Photo credits: Ksb/Shutterstock.com; Steven Frame/Shutterstock.com.
Railroads say California lacks authority to impose safety rules on oil shipments
By Tony Bizjak and Curtis Tate, Oct. 8, 2014
The battle over crude oil trains in California intensified this week, reaching into the legal sphere with potential national repercussions.
The state’s two major railroad companies, Union Pacific and the BNSF Railway, went to federal court Tuesday to argue that neither California nor any other state can legally impose safety requirements on them because the federal government already does that.
The lawsuit came days after California Attorney General Kamala Harris joined other officials in challenging one crude-by-rail project, in the Bay Area city of Benicia. In a letter to Benicia officials, Harris said the city has failed to adequately analyze the potential environmental consequences of Valero Refining Company’s plan to ship two 50-car oil trains daily through Northern California to its Benicia refinery.
Those shipments would run through downtown Sacramento and other Valley cities.
The Valero project and similar plans by other oil companies prompted the state Legislature this summer to pass a law ordering railroad companies to submit an oil spill prevention and response plan to the state, and to provide proof to the state that they have enough money to cover oil-spill damages.
Railroads fired back this week, filing a lawsuit in the U.S. District Court in Sacramento. Their argument: Federal law pre-empts the state from imposing safety restrictions on the railroads.
The suit was filed by the two largest railroads in the Western United States, Union Pacific and BNSF Railway Co. The industry’s leading trade group, the Association of American Railroads, is listed as co-plaintiff.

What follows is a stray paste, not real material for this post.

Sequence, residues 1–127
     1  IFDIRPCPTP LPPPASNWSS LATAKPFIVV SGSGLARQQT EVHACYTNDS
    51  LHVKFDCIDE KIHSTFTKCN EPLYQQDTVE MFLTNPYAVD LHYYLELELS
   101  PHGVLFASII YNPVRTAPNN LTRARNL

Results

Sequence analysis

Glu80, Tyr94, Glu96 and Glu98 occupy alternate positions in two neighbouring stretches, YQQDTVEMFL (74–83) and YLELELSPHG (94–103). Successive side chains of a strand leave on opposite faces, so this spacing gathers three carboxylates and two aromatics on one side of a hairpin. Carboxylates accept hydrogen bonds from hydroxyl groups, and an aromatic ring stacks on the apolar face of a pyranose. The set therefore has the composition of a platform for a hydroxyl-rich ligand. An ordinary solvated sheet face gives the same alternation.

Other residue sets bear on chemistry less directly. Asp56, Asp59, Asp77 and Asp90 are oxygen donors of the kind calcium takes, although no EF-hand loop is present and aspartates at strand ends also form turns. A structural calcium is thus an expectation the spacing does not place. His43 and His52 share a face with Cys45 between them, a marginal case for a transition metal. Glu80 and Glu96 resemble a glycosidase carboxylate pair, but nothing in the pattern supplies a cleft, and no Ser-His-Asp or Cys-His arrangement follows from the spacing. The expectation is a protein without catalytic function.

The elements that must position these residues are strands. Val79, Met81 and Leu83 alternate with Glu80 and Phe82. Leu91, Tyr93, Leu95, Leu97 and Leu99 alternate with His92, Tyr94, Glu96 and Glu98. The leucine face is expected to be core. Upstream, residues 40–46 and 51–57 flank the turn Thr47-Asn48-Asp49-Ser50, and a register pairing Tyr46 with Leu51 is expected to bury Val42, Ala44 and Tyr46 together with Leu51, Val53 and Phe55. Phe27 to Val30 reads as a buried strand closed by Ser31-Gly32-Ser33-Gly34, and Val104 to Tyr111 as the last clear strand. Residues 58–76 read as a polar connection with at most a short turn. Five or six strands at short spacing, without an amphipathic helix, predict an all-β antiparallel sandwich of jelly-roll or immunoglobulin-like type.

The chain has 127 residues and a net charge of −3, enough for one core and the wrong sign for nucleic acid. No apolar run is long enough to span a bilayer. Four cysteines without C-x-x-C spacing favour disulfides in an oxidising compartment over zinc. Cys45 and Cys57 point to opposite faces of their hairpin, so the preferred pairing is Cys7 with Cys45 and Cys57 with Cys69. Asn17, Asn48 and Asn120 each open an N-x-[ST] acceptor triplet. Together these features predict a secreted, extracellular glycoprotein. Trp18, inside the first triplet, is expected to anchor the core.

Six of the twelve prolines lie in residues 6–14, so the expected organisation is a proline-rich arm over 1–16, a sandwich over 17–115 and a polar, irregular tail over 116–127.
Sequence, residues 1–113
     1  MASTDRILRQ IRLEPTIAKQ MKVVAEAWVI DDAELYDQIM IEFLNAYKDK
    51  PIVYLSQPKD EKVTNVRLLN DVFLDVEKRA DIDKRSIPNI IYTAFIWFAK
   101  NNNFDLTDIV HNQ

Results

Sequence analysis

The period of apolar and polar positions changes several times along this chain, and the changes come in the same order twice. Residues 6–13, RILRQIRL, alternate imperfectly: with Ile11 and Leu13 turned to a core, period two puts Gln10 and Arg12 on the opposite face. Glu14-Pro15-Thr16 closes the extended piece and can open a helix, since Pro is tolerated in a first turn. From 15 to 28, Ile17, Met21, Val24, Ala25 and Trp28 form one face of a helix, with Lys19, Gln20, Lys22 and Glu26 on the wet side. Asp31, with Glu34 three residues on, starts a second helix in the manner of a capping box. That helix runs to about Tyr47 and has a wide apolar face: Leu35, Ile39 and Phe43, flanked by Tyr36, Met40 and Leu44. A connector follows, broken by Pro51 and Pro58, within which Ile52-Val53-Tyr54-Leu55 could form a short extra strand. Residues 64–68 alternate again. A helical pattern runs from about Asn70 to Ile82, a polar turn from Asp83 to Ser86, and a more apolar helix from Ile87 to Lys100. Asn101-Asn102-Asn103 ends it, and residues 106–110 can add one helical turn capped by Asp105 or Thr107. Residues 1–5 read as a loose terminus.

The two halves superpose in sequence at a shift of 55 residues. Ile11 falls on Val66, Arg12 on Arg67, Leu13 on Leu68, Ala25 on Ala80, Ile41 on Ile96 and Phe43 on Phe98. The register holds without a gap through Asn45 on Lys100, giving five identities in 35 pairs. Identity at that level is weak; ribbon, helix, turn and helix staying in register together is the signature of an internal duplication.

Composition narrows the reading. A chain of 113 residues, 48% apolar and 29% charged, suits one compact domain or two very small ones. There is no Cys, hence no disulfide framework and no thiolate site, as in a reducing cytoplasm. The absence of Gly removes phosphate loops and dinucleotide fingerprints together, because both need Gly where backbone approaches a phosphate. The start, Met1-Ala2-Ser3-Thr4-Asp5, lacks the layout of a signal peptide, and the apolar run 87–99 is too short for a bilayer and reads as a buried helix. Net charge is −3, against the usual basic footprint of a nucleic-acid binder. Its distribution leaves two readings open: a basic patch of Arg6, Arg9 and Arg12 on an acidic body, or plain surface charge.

The fight involves a long-standing friction point between railroads and U.S. states and cities. Railroads contend that local governments cannot place requirements or restrictions on freight travel because federal laws cover that ground.
The railroads have used the federal pre-emption argument to stop states from trying to impose speed limits on trains and ban certain types of shipments. In one notable case, railroads got the courts to overturn a Washington, D.C., law that attempted to ban trains carrying hazardous materials from using tracks within 2 miles of the U.S. Capitol.
“Federal law exempts this entire regime,” the railroads declared in the California lawsuit. Citing “a sweeping set of intricate federal statutes and regulations,” the lawsuit argues that allowing states to impose a “patchwork” of requirements on railroads essentially interferes with interstate commerce.
In a separate email statement Wednesday, BNSF spokeswoman Lena Kent said, “The state gives the industry no choice but to challenge the enforcement of the new law so as to not inhibit the efficiencies and effectiveness of the freight rail industry and the flow of commerce.”
Officials at the state Office of Spill Prevention and Response, the state agency listed as the defendant in the case, declined comment Wednesday, saying the agency does not publicly discuss pending litigation. Harris’ office is listed as a co-defendant.
The U.S. Department of Transportation in July proposed a rule that would require railroads to have oil spill response plans for trains carrying large volumes of crude oil. But that proposal could be months away from becoming law.
National transportation law and safety experts say the onus may be on California to prove that it is not usurping federal law or impeding interstate commerce.
“The state has to prove it is tackling what is a local or statewide issue, that it is not incompatible (with federal law) and doesn’t unreasonably burden interstate commerce,” said Brigham McCown, an attorney and former head of the federal Pipeline and Hazardous Materials Safety Administration. “That is a high bar.”